Rabbi Adam Feldman of The Jewish Center welcomes community members to the rally.
Photo by Marilyn Silverstein
February 3, 2009
Against a backdrop of growing international opposition to Israel’s war against Hamas in Gaza — and the mounting toll of civilian casualties — members of the Jewish community arrived at the Jan. 13 solidarity rally in Princeton with a lot on their minds.
Herb Horowitz of Princeton, president of the Central NJ Chapter of American Jewish Committee, said that he had recently approached a neighbor — a Christian minister — to ask him how he felt about Israel’s actions in Gaza.
“He said, ‘Hamas can stop anytime it wants; Israel can’t,’” Horowitz said. “I think, in a nutshell, that’s what this is about.”
Andrew Frank, executive director of United Jewish Federation of Princeton Mercer Bucks, said he believes that Israel moved forward with its defensive action in Gaza only after careful consideration. “Israel has the right to defend itself and to protect its citizenry.”
When he saw the TV images of the bodies of innocent men, women, and children lying in the bombarded streets of Gaza, Frank said, he thought about the fact that all it would have taken to end that loss of life would have been for Hamas to stop launching rockets against Israeli citizens.
“I deplore the tragic loss of life on both sides, and I long — I yearn — for a time when the people of Gaza can live side-by-side with the people of Israel,” he said. “But that cannot happen with the continual, indiscriminate bombardment from an ideologically driven bunch of terrorists who have rejected any semblance of coexistence.”
Rob Davidson of Princeton, chair of the Princeton Leadership Council of AIPAC, the Washington-based American Israel Public Affairs Committee, said that Israel did everything in its power to prevent injuries to civilians. “Israel’s efforts to spare civilian casualties represents the best of Jewish values,” he said. “Most of the civilian casualties are the responsibility of Hamas more than of the actions of the Israel Defense Forces.
“I don’t believe any other country would have waited four years and sustained 6,000 rockets launched into its country before acting as Israel has done to defend its population,” he added.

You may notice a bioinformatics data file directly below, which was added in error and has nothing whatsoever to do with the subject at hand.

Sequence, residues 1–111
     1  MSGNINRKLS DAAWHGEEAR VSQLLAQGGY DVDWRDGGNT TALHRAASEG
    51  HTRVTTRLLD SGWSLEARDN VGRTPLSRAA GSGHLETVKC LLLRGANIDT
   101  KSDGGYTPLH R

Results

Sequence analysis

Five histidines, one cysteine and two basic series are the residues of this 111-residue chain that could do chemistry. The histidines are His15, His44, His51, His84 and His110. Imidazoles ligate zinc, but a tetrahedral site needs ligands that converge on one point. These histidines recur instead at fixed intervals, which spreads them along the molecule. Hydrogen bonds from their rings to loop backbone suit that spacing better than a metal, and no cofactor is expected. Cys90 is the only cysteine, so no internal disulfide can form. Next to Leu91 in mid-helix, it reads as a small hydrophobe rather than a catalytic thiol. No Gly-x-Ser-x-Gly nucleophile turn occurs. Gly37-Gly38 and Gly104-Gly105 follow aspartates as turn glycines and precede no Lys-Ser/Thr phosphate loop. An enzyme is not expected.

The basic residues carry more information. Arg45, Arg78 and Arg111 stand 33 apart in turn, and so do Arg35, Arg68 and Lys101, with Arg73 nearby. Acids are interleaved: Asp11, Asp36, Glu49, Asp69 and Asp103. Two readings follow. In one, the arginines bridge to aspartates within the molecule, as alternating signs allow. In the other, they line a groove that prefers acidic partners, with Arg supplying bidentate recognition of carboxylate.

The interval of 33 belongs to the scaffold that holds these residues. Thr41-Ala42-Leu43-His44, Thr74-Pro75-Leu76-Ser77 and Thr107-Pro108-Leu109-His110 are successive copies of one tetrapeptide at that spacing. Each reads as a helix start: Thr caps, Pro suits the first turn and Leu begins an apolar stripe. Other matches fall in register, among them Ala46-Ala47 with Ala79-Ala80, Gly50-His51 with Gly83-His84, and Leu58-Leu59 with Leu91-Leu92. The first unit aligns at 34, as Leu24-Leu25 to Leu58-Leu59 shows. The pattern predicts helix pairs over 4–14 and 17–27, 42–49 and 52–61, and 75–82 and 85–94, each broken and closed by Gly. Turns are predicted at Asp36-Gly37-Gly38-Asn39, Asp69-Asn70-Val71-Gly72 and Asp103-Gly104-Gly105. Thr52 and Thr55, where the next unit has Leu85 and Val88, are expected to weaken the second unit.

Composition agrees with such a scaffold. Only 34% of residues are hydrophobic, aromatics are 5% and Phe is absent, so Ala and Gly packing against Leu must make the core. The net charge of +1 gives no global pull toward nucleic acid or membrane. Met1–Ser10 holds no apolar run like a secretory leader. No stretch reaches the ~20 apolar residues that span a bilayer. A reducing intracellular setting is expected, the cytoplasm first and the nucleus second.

Trenton attorney Lonnie Kaplan, a past chair of AIPAC’s national board of directors, said he would have liked “to see the world call on Hamas to stop putting women and children and old people in harm’s way. It’s a shame that Hamas gets away with it and the world just watches.”
Rysia de Ravel of Princeton, the federation’s vice president for Israel and overseas, said she hoped the rally would give community members a better grasp of the situation.
“The issue foremost in the minds of caring Jews who love Israel,” she said, “is the issue of proportionate response [which] is only a valid concern when you are coming from the same place, with comparable values.
“When one side values life above all else and certain elements of the other side are willing to put their own loved ones at risk — in mosques, in schools — it’s very hard to talk about proportionality,” she said.
Rabbi Julie Roth, executive director of the Center for Jewish Life/Hillel at Princeton University, noted that the CJL had recently joined hands with the Muslim Student Association on campus to sponsor Standing for Hope, a silent vigil for peace in the Middle East. “So 125 students came and stood in silence outside the Firestone Library for 15 minutes. It was quite powerful.”
In addition, Roth said, the CJL hosted a Shabbat dinner program during which Daniel Kurtzer, former U.S. ambassador to Israel and Egypt who is now serving as the S. Daniel Abraham Professor in Middle Eastern Policy Studies at Princeton, briefed the students on the situation in Gaza. The evening also showcased a forum with four Princeton students — two Israeli, two American — representing different parts of the political spectrum, according to Roth.
“The purpose was to say that there are a lot of views in the Jewish community on this war, and we wanted to give voice to them,” she said. “That also was a very powerful event.”
Roth also noted that the Jewish community had rallied for peace at a Havdala gathering on Jan. 10 in Princeton’s Palmer Square. “We came to pray for peace and to acknowledge the loss of life on both sides.”